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ON JUNE 30, 2009, THE BRI PROGRAM OFFICE WILL BE CLOSING DOWN TEMPORARILY. THE ACTING DIRECTOR OF BRI AND THE BRI EXECUTIVE COMMITTEE ARE WORKING TO REINSTATE STAFF AND WE HOPE TO BEGIN PROGRAM ACTIVITIES AS SOON AS POSSIBLE. WE DO NOT ANTICIPATE ANY CHANGES TO THE UPCOMING FALL 2009 BRI BIOLOGY AND CONSERVATION LECTURE SERIES OR TO THE 2010 NORTHEAST NATURAL HISTORY CONFERENCE, SO PLEASE PLAN ACCORDINGLY.



Biology and Conservation Lecture Series – May 2008

Archive of Past Lectures

The following page is an archive of a past lecture series.
For the current or upcoming lecture series please visit
Biology and Conservation Lecture Series.

 

Invaders Lecture Series

Overview: This series explores the effect of non-native organisms on the environment and economy of New York State.

Confronting Biological Invasions: A Growing Environmental Problem
Presenter: Dr. David Strayer, Institute for Ecosystem Studies
Date and Time: Wednesday, May 7, 2008 at 7:00 p.m.

Lecture Overview: Species introductions are now one of the most important ways that human activities affect the Earth's ecosystems. Species that are deliberately or accidentally introduced by humans cause billions of dollars in economic damages and endanger native species around the world. Here in New York, species such as the zebra mussel, the chestnut blight, the hemlock wooly adelgid, and carp have transformed most of our ecosystems, and more problematic species are on the way. This talk will review the history and impacts of a few prominent invaders, review the extent and causes of species introductions, and propose the elements of a solution to this large and growing environmental problem.

 

Biological Invasions: How Mild Species Go Wild
Presenter: Dr. George Robinson, Department of Biological Sciences at the State University of New York at Albany
Date and Time: Wednesday, May 14, 2008 at 7:00 p.m.

Lecture Overview: The majority of exotic plants and animals brought to New York are not threatening to natural or agricultural systems, because they are unable to establish wild populations that spread. Invasive species owe their aggressiveness and influence to a combination of inherent traits (like high reproduction and dispersal ability) and circumstances (like nutrient pollution or escape from natural enemies). Scientists have begun to develop guiding principles to predict the potential for a newly-introduced organism to become a problem species. These will be discussed using case studies that illustrate potential “rules” for reducing risky introductions. However, our ability to predict invasiveness remains limited, due to evolutionary “wild cards.” Exotic species evolve to take advantage of their new surroundings, and human cultures evolve in ways that open up new opportunities for invaders.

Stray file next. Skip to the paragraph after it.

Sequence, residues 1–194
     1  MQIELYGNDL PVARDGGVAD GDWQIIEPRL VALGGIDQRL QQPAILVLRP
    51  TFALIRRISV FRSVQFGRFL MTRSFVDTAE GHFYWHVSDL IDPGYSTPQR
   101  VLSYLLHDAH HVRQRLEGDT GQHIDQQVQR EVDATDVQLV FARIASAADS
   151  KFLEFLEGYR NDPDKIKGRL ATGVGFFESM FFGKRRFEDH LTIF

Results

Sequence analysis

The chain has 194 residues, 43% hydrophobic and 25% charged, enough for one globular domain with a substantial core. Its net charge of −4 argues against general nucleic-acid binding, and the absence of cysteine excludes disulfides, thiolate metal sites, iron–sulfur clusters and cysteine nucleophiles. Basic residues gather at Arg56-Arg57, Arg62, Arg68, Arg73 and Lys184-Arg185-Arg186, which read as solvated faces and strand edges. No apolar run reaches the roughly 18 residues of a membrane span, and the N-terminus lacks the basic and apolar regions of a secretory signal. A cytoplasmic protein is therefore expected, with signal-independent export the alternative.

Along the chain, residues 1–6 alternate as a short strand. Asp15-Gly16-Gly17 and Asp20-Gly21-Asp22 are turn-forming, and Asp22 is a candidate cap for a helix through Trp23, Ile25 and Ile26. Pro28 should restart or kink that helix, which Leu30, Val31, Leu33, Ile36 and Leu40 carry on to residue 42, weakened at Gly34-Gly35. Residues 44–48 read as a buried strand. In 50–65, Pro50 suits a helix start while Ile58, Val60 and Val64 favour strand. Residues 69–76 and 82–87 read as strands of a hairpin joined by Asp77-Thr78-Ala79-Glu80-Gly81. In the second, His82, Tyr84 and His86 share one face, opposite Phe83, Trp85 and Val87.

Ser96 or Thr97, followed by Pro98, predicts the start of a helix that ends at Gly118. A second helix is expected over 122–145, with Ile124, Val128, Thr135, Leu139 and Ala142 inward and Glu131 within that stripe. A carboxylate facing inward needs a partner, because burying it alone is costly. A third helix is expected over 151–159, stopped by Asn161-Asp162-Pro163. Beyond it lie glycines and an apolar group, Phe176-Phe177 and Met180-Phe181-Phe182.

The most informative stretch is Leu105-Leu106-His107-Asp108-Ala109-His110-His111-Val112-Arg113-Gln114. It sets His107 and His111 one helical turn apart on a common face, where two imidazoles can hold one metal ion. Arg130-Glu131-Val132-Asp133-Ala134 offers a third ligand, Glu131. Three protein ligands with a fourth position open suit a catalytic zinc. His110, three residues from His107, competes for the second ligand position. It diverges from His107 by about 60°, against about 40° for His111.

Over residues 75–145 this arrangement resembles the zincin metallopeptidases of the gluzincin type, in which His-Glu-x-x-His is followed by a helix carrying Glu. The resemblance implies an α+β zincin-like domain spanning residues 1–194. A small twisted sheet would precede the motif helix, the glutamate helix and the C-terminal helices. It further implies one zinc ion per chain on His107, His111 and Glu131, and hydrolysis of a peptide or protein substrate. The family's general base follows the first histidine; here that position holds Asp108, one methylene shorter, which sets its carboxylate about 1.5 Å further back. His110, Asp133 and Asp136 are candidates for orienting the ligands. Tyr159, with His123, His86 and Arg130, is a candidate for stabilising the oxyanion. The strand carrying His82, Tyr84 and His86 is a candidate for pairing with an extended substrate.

Worm Invasions: Predatory Planarians, Earthworms, and Novel Ecologies
Presenter: Dr. Peter K. Ducey, Department of Biological Sciences at the State University of New York at Cortland
Date and Time: Wednesday, May 21, 2008 at 7:00 p.m.

Lecture Overview: Terrestrial planarians from Asia, as well as earthworms presumably from Asia and Europe, are now widely distributed in the United States, including many parts of New York State. These earthworms and predatory flatworms could have negative impacts on our backyards, agricultural fields, and natural ecosystems by altering physical and biological components of these habitats. The extent of the negative impact may depend on the ecological interactions among the invaders, in addition to the interactions between invasive and native species. Although some research has been completed on the biology of the invasive planarians, important gaps in our knowledge remain.

 

Detecting Invasive Species: The Primary Mission of the New York State Cooperative Agricultural Pest Survey Program
Presenter: Kennoth L. Carnes, State Survey Coordinator with the New York State Department of Agriculture and Markets
Date and Time: Wednesday, May 28, 2008 at 7:00 p.m.

Lecture Overview: Invasive species and the early detection of exotic/globally introduced species that could damage NYS agricultural crops is the primary mission of Cooperative Agricultural Pest Survey (CAPS). NYS Department of Agriculture and Markets, Division of Plant Industry have teamed up with the USDA APHIS/PPQ to organize and implement the best survey technologies. Ken Carnes will address these technologies, trapping protocols, and provide handouts of the 2008 NY-CAPS targets. The “Invaders“ display in the NYS Museum feature CAPS specimens and our trapping strategies. Come and learn more about early detection of invasive species and how you can get involved.

 


The Invaders Lecture Series is sponsored by
the New York State Biodiversity Research Institute

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